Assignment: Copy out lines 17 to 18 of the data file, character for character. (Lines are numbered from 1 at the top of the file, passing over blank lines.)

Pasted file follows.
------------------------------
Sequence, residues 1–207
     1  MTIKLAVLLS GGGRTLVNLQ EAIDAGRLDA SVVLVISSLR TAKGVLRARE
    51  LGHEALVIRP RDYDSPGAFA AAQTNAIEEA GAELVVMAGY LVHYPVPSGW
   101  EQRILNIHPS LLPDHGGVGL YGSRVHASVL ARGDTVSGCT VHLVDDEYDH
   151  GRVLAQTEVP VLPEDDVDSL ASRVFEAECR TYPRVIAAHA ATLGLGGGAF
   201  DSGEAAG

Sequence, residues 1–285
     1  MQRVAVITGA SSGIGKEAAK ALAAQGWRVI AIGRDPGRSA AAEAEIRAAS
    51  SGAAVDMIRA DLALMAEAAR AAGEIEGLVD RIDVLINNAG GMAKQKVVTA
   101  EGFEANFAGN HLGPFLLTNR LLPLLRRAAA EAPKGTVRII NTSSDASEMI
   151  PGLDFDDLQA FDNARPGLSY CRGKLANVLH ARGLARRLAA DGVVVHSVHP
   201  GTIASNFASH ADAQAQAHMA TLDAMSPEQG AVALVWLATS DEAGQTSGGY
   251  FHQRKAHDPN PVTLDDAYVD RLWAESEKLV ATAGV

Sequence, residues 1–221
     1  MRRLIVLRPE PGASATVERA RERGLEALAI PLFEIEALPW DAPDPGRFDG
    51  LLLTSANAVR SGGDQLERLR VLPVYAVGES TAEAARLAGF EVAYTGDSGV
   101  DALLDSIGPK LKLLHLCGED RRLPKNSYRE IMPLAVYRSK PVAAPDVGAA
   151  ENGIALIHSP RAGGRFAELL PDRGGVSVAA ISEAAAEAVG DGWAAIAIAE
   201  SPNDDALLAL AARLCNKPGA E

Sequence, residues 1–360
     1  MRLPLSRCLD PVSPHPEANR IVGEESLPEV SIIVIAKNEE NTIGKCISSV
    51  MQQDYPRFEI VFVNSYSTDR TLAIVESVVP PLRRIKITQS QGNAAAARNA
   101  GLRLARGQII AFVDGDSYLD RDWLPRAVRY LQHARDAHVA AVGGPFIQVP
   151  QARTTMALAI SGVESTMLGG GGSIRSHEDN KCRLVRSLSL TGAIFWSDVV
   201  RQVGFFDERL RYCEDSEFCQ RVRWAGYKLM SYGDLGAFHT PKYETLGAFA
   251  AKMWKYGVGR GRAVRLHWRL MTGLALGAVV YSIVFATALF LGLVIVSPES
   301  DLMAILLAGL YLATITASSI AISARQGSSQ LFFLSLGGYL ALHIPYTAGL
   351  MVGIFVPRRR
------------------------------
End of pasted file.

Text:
   101  DALLDSIGPK LKLLHLCGED RRLPKNSYRE IMPLAVYRSK PVAAPDVGAA
   151  ENGIALIHSP RAGGRFAELL PDRGGVSVAA ISEAAAEAVG DGWAAIAIAE